BUSINESS
By Matthew Kauffman and Matthew Kauffman,The Hartford Courant | January 11, 2004
The future of Social Security remains one of the great unknowns in retirement planning. But at least it is easy to get a handle on how fat or thin your check would be under today's laws. The Social Security Administration's Web site (www.ssa.gov/planners/calculators.htm) offers two interactive calculators. One asks for just two numbers - your current income and age - before spitting out ballpark monthly benefits estimates for early, regular or delayed retirement, as well as estimated disability and survivor's benefits.
BUSINESS
August 1, 2004
Hate financial planning? Then it will be easy to remember the address of this Web site - www.ihatefinancialplanning. com. Here you'll find the resources - and the motivation - you need to get ready for the rest of your financial life. Of course, there's the usual collection of calculators telling you, say, how much your 401(k) might be worth someday or how long it will take to pay off your credit cards. But there's much more here to tickle your interest: such as articles on how to create a personal written financial plan, how to determine your risk tolerance, how to find a professional financial planner, even how to pump up your savings.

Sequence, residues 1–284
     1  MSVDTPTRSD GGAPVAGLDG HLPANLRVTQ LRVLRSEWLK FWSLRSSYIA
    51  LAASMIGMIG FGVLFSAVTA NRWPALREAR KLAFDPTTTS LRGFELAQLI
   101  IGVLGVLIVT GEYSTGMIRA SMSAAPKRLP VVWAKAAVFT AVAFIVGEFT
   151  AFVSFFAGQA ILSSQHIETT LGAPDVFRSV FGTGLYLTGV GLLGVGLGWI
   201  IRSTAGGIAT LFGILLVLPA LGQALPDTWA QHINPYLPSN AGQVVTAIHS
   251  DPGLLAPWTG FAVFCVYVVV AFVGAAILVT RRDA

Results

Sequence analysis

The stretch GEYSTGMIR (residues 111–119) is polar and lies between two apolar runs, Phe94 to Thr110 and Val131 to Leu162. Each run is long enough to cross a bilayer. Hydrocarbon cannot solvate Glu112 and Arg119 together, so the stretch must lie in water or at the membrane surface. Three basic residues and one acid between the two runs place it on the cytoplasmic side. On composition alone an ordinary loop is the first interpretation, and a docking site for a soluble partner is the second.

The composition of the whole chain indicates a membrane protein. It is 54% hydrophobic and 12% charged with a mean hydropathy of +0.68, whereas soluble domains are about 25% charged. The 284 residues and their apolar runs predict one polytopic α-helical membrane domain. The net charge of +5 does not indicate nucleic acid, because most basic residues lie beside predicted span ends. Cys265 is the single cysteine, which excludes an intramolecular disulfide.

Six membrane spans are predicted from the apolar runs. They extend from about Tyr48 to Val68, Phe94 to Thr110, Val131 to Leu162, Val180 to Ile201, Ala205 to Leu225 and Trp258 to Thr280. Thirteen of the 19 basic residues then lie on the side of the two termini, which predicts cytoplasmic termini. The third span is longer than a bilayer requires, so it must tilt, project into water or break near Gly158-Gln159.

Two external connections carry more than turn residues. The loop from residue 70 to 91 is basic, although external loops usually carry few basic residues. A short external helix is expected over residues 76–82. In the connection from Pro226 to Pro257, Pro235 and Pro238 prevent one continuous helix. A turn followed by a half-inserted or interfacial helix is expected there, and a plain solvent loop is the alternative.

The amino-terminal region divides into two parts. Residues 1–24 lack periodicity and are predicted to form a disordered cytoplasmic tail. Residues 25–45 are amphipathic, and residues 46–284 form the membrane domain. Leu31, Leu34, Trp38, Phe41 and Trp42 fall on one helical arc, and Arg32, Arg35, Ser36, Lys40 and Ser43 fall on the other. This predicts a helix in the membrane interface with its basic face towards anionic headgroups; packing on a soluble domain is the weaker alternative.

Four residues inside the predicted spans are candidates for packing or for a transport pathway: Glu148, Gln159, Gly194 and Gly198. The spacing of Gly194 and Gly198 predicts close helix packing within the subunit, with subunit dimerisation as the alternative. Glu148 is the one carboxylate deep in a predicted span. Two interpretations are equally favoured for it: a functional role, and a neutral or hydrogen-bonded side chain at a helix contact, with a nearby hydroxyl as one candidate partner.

NEWS
September 27, 2002
Ignoring efforts to stop carnage on city's streets The Sun's editorial about Baltimore's high murder count incorrectly wrote: "There is virtual silence among other city officials on this subject. No council member, no state senator, no member of the House of Delegates and few ministers dare to speak forcefully against the carnage that robs Baltimore of human potential and quality of life" ("Murder's toll," Sept. 13). This statement was a direct slap in the face to me, and to the many other city officials and ministers who have long toiled to get at the root of the problems that plague our city.
NEWS
Robert L. Ehrlich Jr | September 22, 2013